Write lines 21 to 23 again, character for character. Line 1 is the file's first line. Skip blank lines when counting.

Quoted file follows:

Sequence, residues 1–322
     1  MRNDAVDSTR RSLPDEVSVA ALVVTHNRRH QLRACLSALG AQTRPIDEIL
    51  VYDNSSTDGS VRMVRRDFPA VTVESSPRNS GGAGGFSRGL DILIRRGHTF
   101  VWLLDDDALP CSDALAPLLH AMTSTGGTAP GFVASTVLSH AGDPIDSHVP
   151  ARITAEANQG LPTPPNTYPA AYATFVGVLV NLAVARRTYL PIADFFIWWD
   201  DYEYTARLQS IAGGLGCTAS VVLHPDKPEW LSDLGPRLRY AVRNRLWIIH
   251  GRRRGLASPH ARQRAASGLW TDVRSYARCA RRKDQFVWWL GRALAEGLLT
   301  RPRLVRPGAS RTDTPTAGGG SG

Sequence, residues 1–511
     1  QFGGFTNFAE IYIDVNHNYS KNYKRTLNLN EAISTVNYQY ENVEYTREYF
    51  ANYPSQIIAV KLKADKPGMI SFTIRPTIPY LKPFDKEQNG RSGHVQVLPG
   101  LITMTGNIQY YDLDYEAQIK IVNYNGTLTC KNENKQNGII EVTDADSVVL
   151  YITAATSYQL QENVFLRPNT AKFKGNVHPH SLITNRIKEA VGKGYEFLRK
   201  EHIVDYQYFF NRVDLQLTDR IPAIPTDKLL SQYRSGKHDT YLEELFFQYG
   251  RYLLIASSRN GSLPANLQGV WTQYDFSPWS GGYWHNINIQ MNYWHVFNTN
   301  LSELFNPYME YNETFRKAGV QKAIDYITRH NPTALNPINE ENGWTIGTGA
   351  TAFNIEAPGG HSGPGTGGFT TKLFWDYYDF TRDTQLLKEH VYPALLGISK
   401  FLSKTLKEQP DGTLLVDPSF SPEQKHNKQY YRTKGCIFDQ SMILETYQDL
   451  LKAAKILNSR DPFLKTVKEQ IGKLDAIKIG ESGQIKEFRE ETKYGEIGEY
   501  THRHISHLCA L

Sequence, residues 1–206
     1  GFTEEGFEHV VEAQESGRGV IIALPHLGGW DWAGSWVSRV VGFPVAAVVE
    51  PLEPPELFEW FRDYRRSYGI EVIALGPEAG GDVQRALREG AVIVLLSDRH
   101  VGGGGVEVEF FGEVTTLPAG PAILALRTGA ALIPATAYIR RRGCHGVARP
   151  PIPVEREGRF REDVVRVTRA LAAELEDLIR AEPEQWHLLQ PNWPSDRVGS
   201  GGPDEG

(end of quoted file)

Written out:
Sequence, residues 1–206
     1  GFTEEGFEHV VEAQESGRGV IIALPHLGGW DWAGSWVSRV VGFPVAAVVE
    51  PLEPPELFEW FRDYRRSYGI EVIALGPEAG GDVQRALREG AVIVLLSDRH